To be more real online…we may have to let go of our desire to be seen as strong and stitched together and let the stuffing spill out.Chris Stedman
The desire to appear capable and well-adjusted informs people’s online profiles. Many social media users cover up their emotions to maintain a perfect image. But to be real, they must expose the gaps they’re attempting to hide – and share their highs and their lows.
To merge your online self with your offline life, share your imperfections alongside the polished version of your life. Practicing authenticity can help you find true connections and belonging in the digital realm.
Community and Belonging
People need to feel they belong.Stedman reports that as fewer Americans identify with a religion, they are looking elsewhere for the belonging faith once provided. The internet serves as an endless arena for participation. The multitude of active online groups offers options for people to choose where to affiliate without having to commit to a single group’s viewpoint.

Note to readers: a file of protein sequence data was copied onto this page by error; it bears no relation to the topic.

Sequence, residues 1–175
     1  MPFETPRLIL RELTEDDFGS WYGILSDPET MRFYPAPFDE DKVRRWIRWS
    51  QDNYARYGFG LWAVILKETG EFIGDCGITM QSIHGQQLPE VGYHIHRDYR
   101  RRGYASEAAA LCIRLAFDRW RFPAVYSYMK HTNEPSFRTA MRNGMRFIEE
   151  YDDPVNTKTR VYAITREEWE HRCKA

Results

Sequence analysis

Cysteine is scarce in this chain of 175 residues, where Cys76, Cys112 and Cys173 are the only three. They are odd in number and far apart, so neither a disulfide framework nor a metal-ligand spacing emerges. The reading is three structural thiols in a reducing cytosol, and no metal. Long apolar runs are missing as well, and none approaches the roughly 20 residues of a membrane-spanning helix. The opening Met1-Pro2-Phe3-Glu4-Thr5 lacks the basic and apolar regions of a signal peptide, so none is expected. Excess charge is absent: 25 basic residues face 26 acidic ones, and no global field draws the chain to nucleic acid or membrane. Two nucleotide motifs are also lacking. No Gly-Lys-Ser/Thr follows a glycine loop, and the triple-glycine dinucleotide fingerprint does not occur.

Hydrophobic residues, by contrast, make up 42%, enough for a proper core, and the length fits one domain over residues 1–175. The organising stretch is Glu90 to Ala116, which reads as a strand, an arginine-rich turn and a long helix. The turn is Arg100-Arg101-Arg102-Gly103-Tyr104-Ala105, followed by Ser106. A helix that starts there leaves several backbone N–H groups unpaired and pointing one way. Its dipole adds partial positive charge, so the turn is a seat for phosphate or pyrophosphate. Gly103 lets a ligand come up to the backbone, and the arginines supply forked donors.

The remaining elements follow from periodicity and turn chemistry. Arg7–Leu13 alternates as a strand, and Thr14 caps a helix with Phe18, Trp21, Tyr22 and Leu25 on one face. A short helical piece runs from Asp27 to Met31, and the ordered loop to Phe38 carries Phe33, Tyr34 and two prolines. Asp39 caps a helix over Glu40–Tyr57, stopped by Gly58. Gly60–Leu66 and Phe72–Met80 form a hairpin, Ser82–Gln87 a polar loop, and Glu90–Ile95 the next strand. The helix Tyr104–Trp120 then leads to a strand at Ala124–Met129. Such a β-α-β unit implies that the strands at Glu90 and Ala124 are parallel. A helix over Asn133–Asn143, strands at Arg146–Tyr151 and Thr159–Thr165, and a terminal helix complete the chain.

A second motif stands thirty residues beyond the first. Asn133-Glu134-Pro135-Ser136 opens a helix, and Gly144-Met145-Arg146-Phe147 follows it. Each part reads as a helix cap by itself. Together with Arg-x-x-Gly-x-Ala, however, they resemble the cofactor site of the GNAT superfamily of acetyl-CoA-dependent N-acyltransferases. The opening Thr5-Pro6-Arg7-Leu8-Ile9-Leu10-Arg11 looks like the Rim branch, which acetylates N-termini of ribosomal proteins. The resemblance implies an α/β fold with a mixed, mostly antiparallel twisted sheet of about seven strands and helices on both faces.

Even as technology advances, what we’re grappling with has stayed the same — we’re deciding who to be intimate with and who to keep at arm’s length.Chris Stedman
Whether an internet community can satisfy the human need for purpose and belonging depends on how people approach showing themselves online. Consider that social media have helped people connect within social and political movements, such as the Arab Spring or the drive to connect members of the disabled or transgender communities. But some digital communities can increase people’s loneliness by punishing honesty – and that risk causes people to hide their true selves.
Individuals must strive to find connection without losing authenticity. For example, instead of posting selfies, turn your photos into vehicles to tell your story and connect.
Paper maps and atlases detail the world as mapmakers see it. Mapmakers must choose what to show; by the very nature of their trade, they tell an incomplete story. For example, large cities appear more prominently than smaller towns, and that affects how readers perceive these locations.